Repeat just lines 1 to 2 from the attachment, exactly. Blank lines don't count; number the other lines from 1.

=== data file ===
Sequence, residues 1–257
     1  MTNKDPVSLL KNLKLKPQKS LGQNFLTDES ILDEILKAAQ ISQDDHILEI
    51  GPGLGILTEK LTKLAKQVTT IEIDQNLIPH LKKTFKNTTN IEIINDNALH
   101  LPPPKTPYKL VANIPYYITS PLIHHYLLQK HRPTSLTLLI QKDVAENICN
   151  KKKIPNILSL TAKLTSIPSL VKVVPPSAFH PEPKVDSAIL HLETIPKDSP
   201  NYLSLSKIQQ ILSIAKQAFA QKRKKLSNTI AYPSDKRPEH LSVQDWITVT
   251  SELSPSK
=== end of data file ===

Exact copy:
Sequence, residues 1–257
     1  MTNKDPVSLL KNLKLKPQKS LGQNFLTDES ILDEILKAAQ ISQDDHILEI